Robert Southey’s Conservative Occult

  • Stephanie Elizabeth Churms
Part of the Palgrave Studies in the Enlightenment, Romanticism and Cultures of Print book series (PERCP)


This chapter investigates Robert Southey’s Poems 1799 as an anxious reaction to Wordsworth’s employment of popular magic as an emancipating force. In ‘The Witch’, ‘The Cross Roads’, and ‘The Mad Woman’ the occult practitioner is revised as a dangerously reactionary figure, whose occult credentials further entrap their communities (and themselves) in outmoded dependence on patriarchal power. Poems 1799 is a stage of struggle for Southey’s political identity, as anxieties regarding his deepening conservatism are enacted in his revocalisations of Lyrical Ballads. Finally, the chapter turns to Thalaba the Destroyer. Written at the height of Southey’s apostate anxiety, the oriental drama is the site of debate regarding political identities and the uses of the occult at the end of a revolutionary decade.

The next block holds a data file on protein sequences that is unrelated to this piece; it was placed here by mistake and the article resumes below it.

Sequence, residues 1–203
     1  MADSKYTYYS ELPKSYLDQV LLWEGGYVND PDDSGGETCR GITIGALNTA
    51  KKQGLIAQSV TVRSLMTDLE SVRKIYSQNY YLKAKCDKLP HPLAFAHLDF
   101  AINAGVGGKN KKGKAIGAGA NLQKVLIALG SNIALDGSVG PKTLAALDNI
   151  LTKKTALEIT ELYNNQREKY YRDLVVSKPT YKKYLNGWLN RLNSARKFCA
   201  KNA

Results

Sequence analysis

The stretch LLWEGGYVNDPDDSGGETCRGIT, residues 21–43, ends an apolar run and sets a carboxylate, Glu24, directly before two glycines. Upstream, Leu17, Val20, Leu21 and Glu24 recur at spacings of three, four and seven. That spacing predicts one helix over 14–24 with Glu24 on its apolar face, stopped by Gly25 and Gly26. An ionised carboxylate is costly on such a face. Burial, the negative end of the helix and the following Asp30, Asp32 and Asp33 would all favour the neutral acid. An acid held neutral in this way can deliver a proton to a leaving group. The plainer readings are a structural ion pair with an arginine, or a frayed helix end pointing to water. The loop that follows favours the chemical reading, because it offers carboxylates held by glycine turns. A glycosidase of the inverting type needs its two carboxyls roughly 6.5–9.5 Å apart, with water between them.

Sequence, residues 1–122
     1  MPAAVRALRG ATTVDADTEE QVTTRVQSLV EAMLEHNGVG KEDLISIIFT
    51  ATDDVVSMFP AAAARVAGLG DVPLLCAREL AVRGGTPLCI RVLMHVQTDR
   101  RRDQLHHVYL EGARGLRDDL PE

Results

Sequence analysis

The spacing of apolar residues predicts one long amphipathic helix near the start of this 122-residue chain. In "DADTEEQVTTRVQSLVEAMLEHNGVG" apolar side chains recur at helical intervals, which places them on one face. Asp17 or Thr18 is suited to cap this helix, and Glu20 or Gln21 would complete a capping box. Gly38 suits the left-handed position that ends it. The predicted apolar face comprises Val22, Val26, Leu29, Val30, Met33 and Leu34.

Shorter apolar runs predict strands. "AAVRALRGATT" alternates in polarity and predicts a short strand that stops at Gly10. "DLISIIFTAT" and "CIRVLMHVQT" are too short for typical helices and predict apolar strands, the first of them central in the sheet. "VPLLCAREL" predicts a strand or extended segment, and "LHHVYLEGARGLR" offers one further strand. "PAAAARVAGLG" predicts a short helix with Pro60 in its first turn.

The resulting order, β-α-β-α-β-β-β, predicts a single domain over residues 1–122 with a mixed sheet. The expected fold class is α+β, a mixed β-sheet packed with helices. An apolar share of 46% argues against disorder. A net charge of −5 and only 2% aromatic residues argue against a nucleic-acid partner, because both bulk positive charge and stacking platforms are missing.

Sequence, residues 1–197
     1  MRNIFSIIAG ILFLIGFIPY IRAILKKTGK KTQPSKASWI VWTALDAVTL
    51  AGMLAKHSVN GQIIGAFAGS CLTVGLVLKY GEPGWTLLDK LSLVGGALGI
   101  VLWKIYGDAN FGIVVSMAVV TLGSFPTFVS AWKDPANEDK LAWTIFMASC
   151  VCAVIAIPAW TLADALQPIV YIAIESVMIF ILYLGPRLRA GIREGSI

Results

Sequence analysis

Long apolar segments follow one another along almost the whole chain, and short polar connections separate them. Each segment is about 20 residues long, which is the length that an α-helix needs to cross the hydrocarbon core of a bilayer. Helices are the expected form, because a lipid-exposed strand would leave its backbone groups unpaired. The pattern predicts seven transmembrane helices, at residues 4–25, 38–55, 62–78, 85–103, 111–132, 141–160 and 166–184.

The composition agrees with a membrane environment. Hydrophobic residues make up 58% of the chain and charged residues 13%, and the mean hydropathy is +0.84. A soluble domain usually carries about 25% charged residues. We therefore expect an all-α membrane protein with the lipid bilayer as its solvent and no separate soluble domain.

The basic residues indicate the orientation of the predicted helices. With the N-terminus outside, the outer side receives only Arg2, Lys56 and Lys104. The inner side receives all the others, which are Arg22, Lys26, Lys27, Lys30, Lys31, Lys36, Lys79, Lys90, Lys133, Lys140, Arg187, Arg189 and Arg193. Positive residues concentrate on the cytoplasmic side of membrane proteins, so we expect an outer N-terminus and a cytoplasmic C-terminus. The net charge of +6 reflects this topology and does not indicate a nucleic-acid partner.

Copyright information

© The Author(s) 2019

Authors and Affiliations

  • Stephanie Elizabeth Churms
    • 1
  1. 1.Independent ScholarSurreyUK

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